Day 15: Word Wary
Monday, April 16, 2018
Adapted from Acts 5 (from The Message): Dear Lord, As we read this story, I think few of us will remember ever hearing a sermon on this. “But a man named Ananias—his wife, Sapphira, conniving in this with him—sold a piece of land, secretly kept part of the price for himself, and then brought the rest to the apostles and made an offering of it. Peter said, ‘Ananias, how did Satan get you to lie to the Holy Spirit and secretly keep back part of the price of the field? Before you sold it, it was all yours, and after you sold it, the money was yours to do with as you wished. So what got into you to pull a trick like this? You didn’t lie to men but to God.’ Ananias, when he heard those words, fell down dead. That put the fear of God into everyone who heard of it. The younger men went right to work and wrapped him up, then carried him out and buried him.”
You have to LOL at this one. I mean, does this sound like the Good News of the New Testament? Even my trusted Will Willimon doesn’t touch this story in his commentary. However, when I reread it one thing stands out—Ananias was free to keep his money—all of it or part of it. In fact, if he just told the apostles, “I sold my land and here is a portion of what I got,” he would have been fine. However, the Scripture at the end of Acts 4 describes how everyone else, “who owned fields or houses sold them and brought the price of the sale to the apostles and made an offering of it.” The scripture goes on to say—everyone had all that they needed. However, it seems that Ananias wants to hold back some of the cash and “just in case.” In the meantime, Ananias wants the apostles to think better of him.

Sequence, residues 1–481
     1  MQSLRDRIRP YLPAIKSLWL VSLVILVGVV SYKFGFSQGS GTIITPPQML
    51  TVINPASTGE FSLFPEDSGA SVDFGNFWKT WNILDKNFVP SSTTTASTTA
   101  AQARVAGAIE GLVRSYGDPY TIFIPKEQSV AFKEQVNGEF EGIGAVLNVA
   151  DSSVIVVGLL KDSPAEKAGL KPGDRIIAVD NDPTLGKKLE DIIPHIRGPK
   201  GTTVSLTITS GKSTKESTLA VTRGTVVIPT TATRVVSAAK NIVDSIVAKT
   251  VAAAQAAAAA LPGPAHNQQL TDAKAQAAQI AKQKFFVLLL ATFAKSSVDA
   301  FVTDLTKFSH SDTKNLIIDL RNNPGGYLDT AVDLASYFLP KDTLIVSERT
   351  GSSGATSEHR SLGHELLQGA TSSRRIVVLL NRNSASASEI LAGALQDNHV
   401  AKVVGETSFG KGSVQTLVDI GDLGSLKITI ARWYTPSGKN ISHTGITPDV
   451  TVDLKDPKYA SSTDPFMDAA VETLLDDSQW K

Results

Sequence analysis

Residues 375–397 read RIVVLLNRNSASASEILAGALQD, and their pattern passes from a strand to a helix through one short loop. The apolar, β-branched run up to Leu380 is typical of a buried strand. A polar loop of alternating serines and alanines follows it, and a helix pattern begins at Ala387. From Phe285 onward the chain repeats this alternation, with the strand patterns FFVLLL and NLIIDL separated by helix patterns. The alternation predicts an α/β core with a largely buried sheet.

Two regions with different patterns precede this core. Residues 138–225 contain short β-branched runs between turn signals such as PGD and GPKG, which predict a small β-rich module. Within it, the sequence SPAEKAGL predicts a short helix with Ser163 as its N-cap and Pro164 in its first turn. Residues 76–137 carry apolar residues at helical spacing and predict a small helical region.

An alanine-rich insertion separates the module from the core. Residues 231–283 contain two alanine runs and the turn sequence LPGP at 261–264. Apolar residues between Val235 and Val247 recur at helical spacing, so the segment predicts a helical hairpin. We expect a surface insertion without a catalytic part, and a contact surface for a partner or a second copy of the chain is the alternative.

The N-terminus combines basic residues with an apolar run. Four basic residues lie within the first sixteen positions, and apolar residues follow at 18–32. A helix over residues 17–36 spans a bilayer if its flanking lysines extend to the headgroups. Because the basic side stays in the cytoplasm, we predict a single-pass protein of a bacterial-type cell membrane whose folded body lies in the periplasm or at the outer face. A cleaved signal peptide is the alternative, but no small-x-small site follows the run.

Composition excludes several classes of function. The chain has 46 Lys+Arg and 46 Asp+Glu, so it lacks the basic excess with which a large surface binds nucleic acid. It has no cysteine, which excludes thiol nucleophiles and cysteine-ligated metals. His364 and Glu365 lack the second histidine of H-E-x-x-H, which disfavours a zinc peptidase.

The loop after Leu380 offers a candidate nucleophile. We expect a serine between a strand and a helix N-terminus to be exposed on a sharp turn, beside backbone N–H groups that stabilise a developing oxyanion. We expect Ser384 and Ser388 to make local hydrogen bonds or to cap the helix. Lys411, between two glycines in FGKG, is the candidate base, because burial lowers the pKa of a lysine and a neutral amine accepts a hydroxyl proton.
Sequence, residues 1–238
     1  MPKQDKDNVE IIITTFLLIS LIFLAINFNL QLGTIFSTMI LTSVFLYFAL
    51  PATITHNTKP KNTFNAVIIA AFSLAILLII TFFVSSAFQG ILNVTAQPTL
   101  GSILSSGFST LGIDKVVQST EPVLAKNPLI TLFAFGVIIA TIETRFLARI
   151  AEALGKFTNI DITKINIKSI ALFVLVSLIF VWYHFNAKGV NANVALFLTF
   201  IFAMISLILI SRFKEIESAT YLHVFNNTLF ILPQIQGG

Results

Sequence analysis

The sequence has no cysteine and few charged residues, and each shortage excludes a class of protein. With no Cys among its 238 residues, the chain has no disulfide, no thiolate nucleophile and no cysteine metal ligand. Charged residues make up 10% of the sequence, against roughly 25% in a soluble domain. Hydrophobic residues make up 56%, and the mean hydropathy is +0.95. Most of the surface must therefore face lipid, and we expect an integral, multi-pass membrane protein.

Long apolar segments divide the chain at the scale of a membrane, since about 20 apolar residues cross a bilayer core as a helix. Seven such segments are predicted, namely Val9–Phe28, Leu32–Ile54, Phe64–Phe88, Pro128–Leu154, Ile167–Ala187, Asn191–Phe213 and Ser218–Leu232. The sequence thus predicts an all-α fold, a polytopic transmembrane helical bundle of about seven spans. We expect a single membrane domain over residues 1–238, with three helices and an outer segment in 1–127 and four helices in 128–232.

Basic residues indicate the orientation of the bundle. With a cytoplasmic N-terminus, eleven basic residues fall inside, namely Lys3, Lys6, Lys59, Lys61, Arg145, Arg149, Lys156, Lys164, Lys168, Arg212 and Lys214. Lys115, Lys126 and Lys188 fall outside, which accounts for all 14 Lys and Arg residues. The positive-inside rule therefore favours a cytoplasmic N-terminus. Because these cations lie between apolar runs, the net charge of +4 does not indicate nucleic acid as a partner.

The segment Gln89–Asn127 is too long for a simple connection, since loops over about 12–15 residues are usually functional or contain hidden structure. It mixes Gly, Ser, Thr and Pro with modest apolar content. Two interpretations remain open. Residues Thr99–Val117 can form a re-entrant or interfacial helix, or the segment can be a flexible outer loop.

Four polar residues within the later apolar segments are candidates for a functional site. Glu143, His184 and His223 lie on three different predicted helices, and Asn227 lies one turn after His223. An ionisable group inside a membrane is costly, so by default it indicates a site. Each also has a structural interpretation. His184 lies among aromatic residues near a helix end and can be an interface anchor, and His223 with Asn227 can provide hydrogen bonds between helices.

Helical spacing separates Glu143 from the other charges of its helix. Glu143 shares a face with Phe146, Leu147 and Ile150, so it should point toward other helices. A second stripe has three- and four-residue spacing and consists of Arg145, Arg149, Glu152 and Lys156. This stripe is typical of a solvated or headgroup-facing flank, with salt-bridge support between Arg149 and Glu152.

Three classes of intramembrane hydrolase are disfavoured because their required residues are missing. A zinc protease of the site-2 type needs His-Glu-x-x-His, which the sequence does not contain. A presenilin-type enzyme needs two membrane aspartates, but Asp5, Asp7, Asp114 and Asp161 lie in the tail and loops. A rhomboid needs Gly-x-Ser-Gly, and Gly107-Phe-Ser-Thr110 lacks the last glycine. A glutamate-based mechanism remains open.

Now we may ask, is this an offense worth being killed over? I honestly do not think so. So we need to read carefully what actually happens when Peter confronts him. “Ananias, when he heard those words, fell down dead.” I see no evidence that anyone “killed” Ananias. I cannot even put the blame on God. It was Ananias himself who, “when he heard those words, fell down dead.” (My mother would have said, “Ananias was mortified or embarrassed to death.”) It seems to me, that Ananias cared too much about what other people thought of him. Rather than admit to the apostles he was not sure they would provide enough for him if he gave them everything—he tried to deceive them into thinking he had the same confidence in them as everyone else did. He could not humble himself to admit the truth. His own deception took him down.
What convinces us that deception is ever better than truth?
Prayer recap: Dear Lord, Help us to be humble. Help us to understand when we deceive we are forgetting that we can never deceive you. Amen.